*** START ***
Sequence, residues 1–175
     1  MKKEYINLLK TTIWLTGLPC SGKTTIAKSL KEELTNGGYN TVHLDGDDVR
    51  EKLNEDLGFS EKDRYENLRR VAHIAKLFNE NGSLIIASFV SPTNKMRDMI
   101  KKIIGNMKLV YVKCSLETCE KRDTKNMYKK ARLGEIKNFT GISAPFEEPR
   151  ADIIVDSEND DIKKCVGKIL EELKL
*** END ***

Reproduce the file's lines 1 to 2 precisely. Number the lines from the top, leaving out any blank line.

Sequence, residues 1–175
     1  MKKEYINLLK TTIWLTGLPC SGKTTIAKSL KEELTNGGYN TVHLDGDDVR